Dr. Cortina: I started using more resources associated to canvas. Like for example, giving quizzes in there, given the exams through there. Probably be more lenient with the students. As I am from Colombia, I thought everyone has everything here. And it was really shocking, knowing the fact that there was student who did not had a computer, or didn't have a reliable internet connection. I mean, you don't expect to see those type of things. It was like "oh, the United States!" everything's there. That surprised me and probably, now I'm more aware of those situations. I tried to be more lenient on the students for those type of things. And besides that, all the resources that I mentioned, I think they are good tools. And I think if you know how to use them, they can make a difference of teaching.
Elisa Aguilera: Okay, last question. Is there anything you want students to know about a professor's perspective?
Dr. Cortina: I know it's hard on you, but it's also hard on us. I guess it's not a competition of who has it hardest. But I will say the fact that sometimes, what I was saying at the beginning, that lack of human interaction, that's a least for me, that's hard. Like talking to a screen without knowing how the students are doing. It can be hard sometimes. Because I like to teach, I like to see my students growing. I like to interact with them. I like to help them. Yes, of course, at some point, I have to do my job and I have to grade, the pass and fail it's part of the job. Probably not the funniest. But I like to interact with the students and the fact that sometimes that can be impossible through Zoom is hard. And sometimes when I ask you guys. "How are you doing?" Or "Do you have any question?" is because I feel like you might have, but through the screen, it's really hard for me to tell. I would like to understand or to know. When I do this thing is because, I'm pretty sure this is a situation with all the professors it's because we want to help you. It's not like we're trying to push you, or we want to bother you. No, is because we are concerned. I mean, yes, we are your professor, but we're also human beings and we are concerned. I know this was hard for you. So, if we can do anything to help, we will help. But you have to tell us.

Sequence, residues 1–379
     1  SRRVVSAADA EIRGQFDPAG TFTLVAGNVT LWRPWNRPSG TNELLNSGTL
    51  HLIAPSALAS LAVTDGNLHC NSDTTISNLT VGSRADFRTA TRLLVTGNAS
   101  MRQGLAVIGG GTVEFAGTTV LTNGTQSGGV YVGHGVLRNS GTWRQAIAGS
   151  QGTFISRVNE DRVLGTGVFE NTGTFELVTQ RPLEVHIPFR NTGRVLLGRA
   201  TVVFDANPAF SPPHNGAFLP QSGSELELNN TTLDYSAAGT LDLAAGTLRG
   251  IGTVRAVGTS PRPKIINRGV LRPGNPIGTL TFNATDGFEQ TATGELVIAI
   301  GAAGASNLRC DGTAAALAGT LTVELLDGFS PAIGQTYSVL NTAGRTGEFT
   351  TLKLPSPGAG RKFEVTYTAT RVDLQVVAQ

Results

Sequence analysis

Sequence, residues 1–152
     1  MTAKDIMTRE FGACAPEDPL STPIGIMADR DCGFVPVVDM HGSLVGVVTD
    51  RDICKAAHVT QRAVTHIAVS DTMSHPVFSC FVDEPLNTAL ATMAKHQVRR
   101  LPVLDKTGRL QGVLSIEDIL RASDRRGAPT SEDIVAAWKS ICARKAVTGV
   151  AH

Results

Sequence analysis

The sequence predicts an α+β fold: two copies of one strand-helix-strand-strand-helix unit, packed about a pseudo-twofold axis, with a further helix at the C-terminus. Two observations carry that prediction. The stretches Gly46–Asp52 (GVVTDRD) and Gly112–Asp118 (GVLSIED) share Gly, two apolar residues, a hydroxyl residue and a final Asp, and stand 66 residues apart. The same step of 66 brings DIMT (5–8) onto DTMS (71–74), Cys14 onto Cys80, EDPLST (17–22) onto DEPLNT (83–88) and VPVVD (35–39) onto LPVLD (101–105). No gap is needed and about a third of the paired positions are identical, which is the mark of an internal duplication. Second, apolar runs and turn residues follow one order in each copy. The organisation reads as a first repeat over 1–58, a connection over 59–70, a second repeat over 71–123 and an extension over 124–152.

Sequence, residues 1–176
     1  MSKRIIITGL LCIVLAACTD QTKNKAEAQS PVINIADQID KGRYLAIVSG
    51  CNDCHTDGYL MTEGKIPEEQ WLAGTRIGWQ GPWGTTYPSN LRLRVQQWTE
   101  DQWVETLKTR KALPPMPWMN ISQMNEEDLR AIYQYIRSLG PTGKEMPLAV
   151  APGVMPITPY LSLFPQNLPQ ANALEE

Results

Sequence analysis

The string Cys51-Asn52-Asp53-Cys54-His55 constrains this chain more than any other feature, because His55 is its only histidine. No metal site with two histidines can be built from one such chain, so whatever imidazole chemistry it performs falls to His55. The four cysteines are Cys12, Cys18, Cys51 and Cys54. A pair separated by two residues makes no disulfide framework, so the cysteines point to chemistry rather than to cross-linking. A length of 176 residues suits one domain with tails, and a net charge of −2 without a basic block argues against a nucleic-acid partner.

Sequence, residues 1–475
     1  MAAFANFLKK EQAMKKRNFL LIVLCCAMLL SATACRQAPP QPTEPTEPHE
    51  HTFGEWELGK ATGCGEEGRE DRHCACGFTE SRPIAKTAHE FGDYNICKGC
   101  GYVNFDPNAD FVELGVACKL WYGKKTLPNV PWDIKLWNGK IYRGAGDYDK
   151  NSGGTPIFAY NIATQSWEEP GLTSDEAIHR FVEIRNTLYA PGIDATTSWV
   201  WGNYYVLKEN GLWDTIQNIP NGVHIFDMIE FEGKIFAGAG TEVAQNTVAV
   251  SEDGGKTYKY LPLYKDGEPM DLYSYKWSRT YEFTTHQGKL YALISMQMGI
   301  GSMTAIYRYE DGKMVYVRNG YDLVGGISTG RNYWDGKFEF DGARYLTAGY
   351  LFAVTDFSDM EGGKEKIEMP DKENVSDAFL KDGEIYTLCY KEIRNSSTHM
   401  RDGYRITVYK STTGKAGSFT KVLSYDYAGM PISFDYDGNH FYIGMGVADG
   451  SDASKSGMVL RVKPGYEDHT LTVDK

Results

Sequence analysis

Elisa Aguilera: Thank you so much. Dr. Cortina: You're welcome.

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This item was submitted on November 24, 2021 by Elisa A Aguilera using the form “Share Your Story” on the site “A Journal of the Plague Year”: